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Showing content with the highest reputation on 06/30/2020 in all areas

  1. 2 points
    Low layer Damascus, vinegar etched, wired wheeled and buffed. Thanks for looking
  2. 2 points
    Not in the shed but had a good day in town. I went to the outlet where I get bearings and belts etc to get a slightly shorter belt for the hammer final drive They have drums of bearings that are to go for scrap and they gave me permission to scavenge any of it I wanted. I just got three smaller ones about 4 inches in dia but there were a couple of big ones that must have been 2 ft across.
  3. 2 points
    I started on the forge today but didn't last long as the summer heat & humidity convinced me to do other things. I opted for handle work and got my ivory handle cut out, slotted and one side checkered before calling it a day.
  4. 2 points
    Here's where I left this! Got some carving done today.
  5. 1 point
    Hi Gerhard, I’m certainly no expert however I have had some success recently with a Venturi burner. My set up used 1” black pipe, 8” long attached to this cast Venturi. You’ll see the fitting in the Venturi that the mig tip attaches to so it sits around halfway in the flare. The other end is a 2” flare. The mig tip is a 1.2mm. I run it around 7psi and it gets HOT.
  6. 1 point
    Thank you. Damascus steel fire strikers .
  7. 1 point
    5 of 6 are now done. One is on the injured/reserved list after a catastrophic bluing accident.
  8. 1 point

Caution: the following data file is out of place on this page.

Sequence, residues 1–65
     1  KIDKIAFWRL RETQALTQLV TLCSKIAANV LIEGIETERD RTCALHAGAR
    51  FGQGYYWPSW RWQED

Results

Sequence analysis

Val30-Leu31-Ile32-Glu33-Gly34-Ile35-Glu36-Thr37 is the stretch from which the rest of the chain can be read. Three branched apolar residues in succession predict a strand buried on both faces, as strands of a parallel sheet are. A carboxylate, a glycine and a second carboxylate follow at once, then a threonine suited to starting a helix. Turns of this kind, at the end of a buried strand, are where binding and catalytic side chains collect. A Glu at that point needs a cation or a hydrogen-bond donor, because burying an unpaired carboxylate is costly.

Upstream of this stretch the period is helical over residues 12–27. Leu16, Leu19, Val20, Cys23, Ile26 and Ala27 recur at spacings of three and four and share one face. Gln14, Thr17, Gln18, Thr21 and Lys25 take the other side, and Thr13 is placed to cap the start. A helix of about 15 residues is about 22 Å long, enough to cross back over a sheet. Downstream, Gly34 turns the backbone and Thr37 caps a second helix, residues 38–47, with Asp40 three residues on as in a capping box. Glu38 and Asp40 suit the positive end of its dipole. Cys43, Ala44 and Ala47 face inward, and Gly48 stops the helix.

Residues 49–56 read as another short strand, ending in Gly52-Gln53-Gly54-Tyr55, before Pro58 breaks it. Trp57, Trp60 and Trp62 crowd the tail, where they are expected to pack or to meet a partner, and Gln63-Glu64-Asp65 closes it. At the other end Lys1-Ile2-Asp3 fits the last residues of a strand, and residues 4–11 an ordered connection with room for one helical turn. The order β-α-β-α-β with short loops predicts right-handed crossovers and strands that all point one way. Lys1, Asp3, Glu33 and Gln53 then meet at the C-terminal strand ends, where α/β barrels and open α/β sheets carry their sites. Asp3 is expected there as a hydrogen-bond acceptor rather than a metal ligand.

Depending on the steel chemistry and how much stuff there is to see in the final finish, anything from 600 grit to 2000 grit works well. I have a Gunto that I am remounting and repolishing for my wife and a 2000 grit finish before the etch was awesome. I usually make a sanding block of gum eraser rubber and use that and cutting oil as a final finish. Slow, precise, full length strokes and I position my hand so that the block does not wander. I use the middle finger of my left hand to ride along the back of the blade so that all of the 2000 grit scratches are parallel and consistant. Then I spray the blade heavily with pressurized anhydrous isopropyl to flush any stray grit and oil off the blade. Followed by a running water bath with dish soap (cold water). I etched by making a solution of vinegar, filtered water, lemon juice, and dish soap in an aluminum deep pan heating to boiling, and then suspending the blade point down (held in left hand) so that I can dip and brush the boiling solution over both sides of the blade with a fresh paint brush. When the blade is black, it is washed with running water and dishsoap and clamped in a Panavise, and a solution of mineral oil and a little bit of Pikal was used to remove all of the black oxides. This made the whole sword frosty and hid any remaining little scratches. About 5 rounds of etch and polish. Then the back of the blade is burnished with a polished burnishing rod to increase the contrast and visual appeal of everything above the ridgeline. Then I masked the tip of the blade making a heavy line of masking tape at the yokote and counter polished the point with 1500 paper and oil on a rubber block. I don't have pix of the blade but it is very attractive and functional. It is a hand made gunto of monosteel and the edge is very hard and very attractive. On this particular blade, 2000 grit single direction followed by an etch looked very nice. Also, experiment with concentrations of various types of acids. Weaker acids, used hot or in multiple cycles work better on many blades than a single etch in ferric or whatever in my experience. But every blade, every different steel, and every different heat treat scenareo will make its own demands. Ya gott get jiggy with it and exeriment with an open mind and a full toolbox of alternative ideas.
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